Expanded Grain Based Biofuel Production Causes Concern Among Livestock Feeders

US - A massive expansion of North America’s ability to produce biofuel, including biodiesel and ethanol, is expected to dramatically increase the demand for crops which have traditionally been used in the manufacture of human food and livestock feed.
calendar icon 9 September 2006
clock icon 2 minute read

As the shift to increased biofuel use becomes increasingly evident in both Canada and the United States, western Canadian livestock producers will be looking for help to keep a lid on feed costs. That help could come in the form of a combination of higher cereal grain and oilseed yields through plant breeding, regulatory changes designed to ease the registration of new wheat varieties suited to specific end use requirements and low cost byproducts from biofuel production.

U.S. Energy Bill Encourages Expanded Biofuel Production

“There are some strong government incentives here in the U.S.,” explains Douglas Tiffany, a research fellow in the Department of Applied Economics at the University of Minnesota. “There are some other different types of incentives in Canada.”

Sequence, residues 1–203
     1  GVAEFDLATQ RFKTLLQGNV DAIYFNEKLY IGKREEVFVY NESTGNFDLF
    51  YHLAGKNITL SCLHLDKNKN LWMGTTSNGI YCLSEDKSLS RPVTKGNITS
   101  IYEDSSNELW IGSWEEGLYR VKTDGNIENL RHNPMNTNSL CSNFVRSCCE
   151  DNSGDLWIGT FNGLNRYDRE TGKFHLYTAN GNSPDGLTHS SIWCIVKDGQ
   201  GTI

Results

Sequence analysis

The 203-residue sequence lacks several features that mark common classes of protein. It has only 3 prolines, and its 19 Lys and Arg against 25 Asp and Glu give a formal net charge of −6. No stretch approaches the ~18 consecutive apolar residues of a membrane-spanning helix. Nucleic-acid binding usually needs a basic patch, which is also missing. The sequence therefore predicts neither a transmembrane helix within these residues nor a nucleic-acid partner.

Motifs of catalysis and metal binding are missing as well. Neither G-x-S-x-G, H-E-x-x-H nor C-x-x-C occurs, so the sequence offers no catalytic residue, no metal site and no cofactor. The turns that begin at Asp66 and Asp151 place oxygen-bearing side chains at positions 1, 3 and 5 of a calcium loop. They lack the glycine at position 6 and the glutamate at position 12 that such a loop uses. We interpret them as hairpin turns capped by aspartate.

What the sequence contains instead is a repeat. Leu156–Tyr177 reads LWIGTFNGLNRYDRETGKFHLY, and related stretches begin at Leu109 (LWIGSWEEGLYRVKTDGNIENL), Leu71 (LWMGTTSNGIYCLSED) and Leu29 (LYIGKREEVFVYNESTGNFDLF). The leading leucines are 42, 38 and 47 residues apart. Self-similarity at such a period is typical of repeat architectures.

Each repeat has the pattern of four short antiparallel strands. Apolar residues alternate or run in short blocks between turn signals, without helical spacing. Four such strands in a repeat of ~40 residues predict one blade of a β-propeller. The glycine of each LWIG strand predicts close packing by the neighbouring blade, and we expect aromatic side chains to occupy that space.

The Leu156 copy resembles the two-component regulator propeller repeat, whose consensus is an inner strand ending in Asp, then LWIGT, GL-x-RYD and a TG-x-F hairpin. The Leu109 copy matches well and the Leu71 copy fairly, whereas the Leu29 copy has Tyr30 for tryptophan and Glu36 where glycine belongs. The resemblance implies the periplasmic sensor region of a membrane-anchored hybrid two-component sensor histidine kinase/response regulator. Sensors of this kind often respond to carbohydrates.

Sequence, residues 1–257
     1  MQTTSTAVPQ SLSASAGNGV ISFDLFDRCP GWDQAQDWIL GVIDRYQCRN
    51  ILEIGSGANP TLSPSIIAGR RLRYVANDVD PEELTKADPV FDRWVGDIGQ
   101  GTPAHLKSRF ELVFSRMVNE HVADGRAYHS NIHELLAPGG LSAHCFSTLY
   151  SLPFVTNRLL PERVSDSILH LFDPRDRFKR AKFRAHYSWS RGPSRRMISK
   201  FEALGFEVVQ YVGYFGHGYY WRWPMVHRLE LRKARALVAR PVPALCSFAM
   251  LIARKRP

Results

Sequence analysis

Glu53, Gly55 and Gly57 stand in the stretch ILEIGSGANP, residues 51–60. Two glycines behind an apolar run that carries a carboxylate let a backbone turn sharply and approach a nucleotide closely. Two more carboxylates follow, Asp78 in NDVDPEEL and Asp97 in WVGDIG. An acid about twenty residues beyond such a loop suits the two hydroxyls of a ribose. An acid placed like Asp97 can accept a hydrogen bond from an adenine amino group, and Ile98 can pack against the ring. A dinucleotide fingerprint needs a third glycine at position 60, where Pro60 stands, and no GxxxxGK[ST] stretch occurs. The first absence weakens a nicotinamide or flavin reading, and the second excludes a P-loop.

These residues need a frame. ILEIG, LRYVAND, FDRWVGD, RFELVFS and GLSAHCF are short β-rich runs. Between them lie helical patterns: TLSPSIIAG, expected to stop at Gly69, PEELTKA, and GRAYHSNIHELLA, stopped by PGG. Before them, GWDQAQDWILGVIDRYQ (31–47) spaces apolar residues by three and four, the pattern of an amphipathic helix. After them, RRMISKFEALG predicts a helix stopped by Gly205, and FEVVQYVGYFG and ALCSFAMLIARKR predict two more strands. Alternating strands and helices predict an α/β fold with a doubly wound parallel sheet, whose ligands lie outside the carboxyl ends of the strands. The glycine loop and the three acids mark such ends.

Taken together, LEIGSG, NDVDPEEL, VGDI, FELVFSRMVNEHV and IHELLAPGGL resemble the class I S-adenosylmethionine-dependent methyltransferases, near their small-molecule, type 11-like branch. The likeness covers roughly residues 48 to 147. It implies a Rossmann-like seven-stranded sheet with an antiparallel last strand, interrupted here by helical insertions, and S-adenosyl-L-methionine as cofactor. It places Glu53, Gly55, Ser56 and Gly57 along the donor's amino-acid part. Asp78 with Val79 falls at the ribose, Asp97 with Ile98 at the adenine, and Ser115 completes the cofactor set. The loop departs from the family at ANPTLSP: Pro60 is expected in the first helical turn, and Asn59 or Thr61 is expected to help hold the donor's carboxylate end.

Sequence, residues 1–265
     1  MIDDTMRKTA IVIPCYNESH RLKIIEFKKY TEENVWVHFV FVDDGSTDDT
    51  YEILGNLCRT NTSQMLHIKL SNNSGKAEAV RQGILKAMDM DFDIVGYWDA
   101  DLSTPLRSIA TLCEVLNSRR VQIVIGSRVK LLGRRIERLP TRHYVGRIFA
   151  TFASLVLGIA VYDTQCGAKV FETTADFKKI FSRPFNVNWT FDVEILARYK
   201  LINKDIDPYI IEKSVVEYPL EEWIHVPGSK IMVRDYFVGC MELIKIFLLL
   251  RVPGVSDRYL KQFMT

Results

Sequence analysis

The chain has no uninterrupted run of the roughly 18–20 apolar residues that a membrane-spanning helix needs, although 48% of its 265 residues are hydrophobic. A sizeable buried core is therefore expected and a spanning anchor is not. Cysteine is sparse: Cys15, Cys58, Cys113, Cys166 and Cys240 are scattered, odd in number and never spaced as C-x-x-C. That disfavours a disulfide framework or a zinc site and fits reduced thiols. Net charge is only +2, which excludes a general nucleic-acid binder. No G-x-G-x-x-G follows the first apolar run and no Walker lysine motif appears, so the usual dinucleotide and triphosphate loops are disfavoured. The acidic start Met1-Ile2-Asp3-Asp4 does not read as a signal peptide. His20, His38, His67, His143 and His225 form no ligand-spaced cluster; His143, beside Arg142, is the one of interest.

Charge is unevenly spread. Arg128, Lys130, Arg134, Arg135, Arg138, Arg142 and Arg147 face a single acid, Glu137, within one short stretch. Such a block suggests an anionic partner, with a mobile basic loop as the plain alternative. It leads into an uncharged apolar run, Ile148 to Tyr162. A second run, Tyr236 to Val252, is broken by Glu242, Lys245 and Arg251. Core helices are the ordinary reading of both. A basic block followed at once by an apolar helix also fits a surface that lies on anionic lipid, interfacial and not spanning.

He recalls, “In the summer of 2005 the U.S. congress passed, and the president signed, the 2005 energy bill. And that established some targets, essentially mandates, for utilization of biodiesel and ethanol in a pattern up to 2012.”
As well, he points out, “There’s maintenance of a 51 cent per gallon credit for blenders who utilize ethanol. That is still intact and there is a similar credit of one dollar per gallon of biodiesel that is utilized. So those things working together have really opened the flood gates of investment into biofuels in the U.S.”

He notes, “Announcements are being made of investor groups and people are applying for permits in the different states. There is some concern that the plants may be too close to one another. They will be strongly bidding for the feedstock, the corn typically, and that is causing shudders among the livestock producers. They say, wow, how can we compete against all these folks who are after the corn that we thought that we were able to buy cheaply.”

He believes, “It’s going to really put the pressure on certain livestock entities.”

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Source: Farmscape

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